I suppose I could suggest that one transitional moment might have come before Box Full Of Letters when Jeff, as he has done for a couple of nights now, cited Glenn as the reason for his saying this next song was from their first album (which is something Jeff says almost every show). "Glenn really wants you to know that this song is from our first album," Jeff quipped, "which makes no sense since he wasn't even in the band for the first record. But anyway, he really wants you to know this is from the first record. OK, good talk." It's unclear how much or how little the audience got that semi-inside joke, but Box seemed to invigorate folks and when that was followed up by the surprise additions of I'm Always In Love and Someday Soon (sandwiched around Jesus, etc., which drew maybe the biggest response of the show), it set the course for a fun second half of the show.


Perhaps I should mention here that this was the first actual Wilco show in Valencia, which is about a three-hour train ride southwest from Barcelona along Spain's eastern coast. Jeff played a solo show here in September of 2008, if Internet research is to be believed, but despite many Wilco shows in Spain since 2004, the full band had never made it here (and I guess technically still hasn't). But I have to remember that in places like this where the band hasn't performed live before, especially when there is a bit of a language barrier, it is "famous" songs like Jesus, etc., and California Stars that are the ones people know and seem to be really waiting to hear. The extended ovation for Jesus, for example, was as rousing as any I've heard recently for any song. And on Cali Stars, especially when Pat picked up the banjitar, as he finally has been doing the past few shows after eschewing it earlier in the tour, that really seemed to get through to the audience, even if they might not fully appreciate Woody Guthrie's lyrics.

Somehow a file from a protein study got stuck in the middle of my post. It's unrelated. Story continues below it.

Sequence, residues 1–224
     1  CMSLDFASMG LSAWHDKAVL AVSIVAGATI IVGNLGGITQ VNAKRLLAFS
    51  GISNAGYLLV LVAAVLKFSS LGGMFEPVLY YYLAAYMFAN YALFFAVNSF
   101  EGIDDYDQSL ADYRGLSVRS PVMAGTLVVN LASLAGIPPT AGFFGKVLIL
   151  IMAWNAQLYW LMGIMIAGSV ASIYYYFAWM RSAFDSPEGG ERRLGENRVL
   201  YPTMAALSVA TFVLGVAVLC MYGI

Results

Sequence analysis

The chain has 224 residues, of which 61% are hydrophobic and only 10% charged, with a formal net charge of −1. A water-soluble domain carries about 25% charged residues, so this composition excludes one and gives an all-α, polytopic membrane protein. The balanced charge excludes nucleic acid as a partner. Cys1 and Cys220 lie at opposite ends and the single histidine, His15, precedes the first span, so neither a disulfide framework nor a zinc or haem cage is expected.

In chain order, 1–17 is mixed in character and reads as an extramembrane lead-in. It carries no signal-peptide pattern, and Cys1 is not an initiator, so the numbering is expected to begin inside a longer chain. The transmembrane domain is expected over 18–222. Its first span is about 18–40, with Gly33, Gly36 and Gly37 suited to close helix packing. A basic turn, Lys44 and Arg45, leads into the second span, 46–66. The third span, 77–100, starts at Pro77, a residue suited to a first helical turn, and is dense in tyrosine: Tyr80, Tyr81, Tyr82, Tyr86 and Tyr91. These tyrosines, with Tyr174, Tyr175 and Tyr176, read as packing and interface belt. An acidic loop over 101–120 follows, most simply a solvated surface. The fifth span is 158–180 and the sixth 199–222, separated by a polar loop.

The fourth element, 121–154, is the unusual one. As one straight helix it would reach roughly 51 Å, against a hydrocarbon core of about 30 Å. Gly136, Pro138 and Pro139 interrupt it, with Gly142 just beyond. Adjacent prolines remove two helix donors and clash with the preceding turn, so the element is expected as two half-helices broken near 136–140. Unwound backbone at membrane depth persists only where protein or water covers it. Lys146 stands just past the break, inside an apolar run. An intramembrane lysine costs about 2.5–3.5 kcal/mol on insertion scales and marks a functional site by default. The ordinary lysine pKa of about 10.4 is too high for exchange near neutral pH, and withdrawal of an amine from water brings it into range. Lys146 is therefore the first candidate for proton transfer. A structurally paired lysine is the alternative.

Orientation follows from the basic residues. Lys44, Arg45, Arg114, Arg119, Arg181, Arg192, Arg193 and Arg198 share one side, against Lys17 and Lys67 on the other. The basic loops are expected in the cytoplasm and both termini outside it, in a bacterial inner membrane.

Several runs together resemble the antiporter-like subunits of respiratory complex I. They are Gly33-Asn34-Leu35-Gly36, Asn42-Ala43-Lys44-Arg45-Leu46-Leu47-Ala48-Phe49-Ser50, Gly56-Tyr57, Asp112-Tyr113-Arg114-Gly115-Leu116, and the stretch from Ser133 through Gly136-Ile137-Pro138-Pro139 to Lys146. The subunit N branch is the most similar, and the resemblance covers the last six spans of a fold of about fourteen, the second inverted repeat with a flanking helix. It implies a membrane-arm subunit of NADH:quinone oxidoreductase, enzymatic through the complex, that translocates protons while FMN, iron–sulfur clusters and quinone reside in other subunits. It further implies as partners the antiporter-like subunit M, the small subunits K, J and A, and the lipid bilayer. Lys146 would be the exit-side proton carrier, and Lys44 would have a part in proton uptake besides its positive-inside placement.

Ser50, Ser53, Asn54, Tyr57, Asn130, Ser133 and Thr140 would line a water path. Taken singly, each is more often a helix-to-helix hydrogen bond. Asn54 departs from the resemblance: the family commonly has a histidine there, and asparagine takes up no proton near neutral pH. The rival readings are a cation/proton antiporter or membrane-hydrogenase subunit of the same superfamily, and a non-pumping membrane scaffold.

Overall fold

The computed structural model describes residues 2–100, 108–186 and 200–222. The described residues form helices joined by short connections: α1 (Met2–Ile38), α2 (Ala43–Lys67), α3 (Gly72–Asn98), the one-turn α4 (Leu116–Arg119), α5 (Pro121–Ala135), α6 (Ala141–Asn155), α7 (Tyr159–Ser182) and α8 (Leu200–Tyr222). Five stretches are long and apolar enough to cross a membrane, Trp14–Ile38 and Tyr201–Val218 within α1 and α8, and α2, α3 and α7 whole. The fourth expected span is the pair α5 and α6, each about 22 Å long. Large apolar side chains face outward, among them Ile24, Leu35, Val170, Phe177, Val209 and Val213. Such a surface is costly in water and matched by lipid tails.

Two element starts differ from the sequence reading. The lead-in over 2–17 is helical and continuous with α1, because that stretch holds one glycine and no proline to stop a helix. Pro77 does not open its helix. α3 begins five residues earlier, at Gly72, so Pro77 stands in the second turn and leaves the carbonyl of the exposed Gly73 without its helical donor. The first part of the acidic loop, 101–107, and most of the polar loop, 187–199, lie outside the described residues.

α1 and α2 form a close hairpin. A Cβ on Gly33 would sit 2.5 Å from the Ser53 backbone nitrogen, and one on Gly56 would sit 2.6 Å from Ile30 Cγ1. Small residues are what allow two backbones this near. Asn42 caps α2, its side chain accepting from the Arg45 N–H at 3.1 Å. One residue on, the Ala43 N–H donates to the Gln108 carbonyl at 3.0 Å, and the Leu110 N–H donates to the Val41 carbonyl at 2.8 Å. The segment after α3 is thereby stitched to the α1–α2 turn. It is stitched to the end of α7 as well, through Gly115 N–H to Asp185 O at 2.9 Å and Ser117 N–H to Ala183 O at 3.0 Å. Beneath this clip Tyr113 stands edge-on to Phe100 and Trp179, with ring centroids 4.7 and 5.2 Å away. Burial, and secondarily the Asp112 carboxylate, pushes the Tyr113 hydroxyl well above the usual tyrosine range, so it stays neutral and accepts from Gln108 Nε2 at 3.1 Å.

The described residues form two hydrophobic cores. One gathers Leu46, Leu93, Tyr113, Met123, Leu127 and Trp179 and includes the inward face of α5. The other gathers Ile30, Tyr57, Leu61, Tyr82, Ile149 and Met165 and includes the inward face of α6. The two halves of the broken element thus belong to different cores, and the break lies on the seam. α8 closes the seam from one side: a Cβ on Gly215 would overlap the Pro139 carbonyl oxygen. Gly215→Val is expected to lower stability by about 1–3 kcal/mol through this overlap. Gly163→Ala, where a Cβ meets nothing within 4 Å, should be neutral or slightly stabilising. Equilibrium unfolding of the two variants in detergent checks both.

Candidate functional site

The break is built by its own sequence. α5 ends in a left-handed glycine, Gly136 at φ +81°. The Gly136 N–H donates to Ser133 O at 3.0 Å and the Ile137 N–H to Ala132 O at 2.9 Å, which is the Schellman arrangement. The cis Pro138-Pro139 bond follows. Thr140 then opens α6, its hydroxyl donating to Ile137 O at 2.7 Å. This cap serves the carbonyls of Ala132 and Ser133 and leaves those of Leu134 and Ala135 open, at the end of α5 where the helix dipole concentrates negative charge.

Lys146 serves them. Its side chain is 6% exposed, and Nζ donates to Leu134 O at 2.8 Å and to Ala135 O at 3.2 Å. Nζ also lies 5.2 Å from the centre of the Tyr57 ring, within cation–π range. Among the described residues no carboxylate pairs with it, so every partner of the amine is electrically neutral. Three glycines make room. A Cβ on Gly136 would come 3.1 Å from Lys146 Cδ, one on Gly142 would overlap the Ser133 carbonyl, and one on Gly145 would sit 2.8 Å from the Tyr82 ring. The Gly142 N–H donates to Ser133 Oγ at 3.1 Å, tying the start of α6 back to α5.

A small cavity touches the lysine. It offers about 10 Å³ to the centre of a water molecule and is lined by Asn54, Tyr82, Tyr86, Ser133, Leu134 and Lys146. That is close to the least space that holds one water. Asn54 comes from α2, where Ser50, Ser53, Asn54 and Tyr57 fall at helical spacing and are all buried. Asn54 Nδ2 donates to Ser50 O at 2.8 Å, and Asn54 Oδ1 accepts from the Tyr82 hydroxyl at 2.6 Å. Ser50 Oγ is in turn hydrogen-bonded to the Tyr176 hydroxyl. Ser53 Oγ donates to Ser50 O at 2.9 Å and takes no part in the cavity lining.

Anyway, the rest of the show basically became a big, loose rock-out session. Despite slightly flubbing the first verse in A Lifetime To Find, which is the first time I've heard him do that, Jeff shook it off and just seemed to be having fun. He obliged the celebratory vibe by singing the "she lifted up her shirt at the battle of the bands" verse in Heavy Metal Drummer, which he hadn’t the past few shows and which resulted in Glenn twirling his sticks at the appropriate moment. And then he soaked in the cheers from the crowd on a rousing I'm The Man Who Loves You to close out the main set.


As I mentioned, the band could really have phoned this one in. But you know they are having a good time when they actually add a song to the setlist, which is what happened after The Late Greats. Instead of leading the mid-song clapping part during that song, Jeff was gesturing to the crew and his other bandmates that he wanted to play another song after that one, which you don't often see. Of course the only real choice was I'm A Wheel and that brought the evening to an appropriately sweaty conclusion. So now it's onward to a bullring in Murcia before wrapping up the Spanish tour with a two-fer in Madrid next week.Viva España, indeed. I shall be in touch again soon...


Once again yours in concert and banter reportage, Your Faithful Correspondent.


Here was the complete setlist, as played (I'm A Wheel was not on the printed setlist that I saw, but was added as the last song of the show):


I Am My Mother

Cruel Country

I Am Trying To Break Your Heart>



Story To Tell

Sunken Treasure

If I Ever Was A Child

All Across The World


Poor Places

War On War

At Least That's What You Said

Tired Of Taking It Out On You

Box Full Of Letters

I'm Always In Love

Jesus, etc.

Someday Soon

California Stars

A Lifetime To FInd

Heavy Metal Drummer

I'm The Man Who Loves You


You And I

Red-Eyed And Blue>

I Got You (At The End Of The Century)>

Outtasite (Outta Mind)

The Late Greats

I'm A Wheel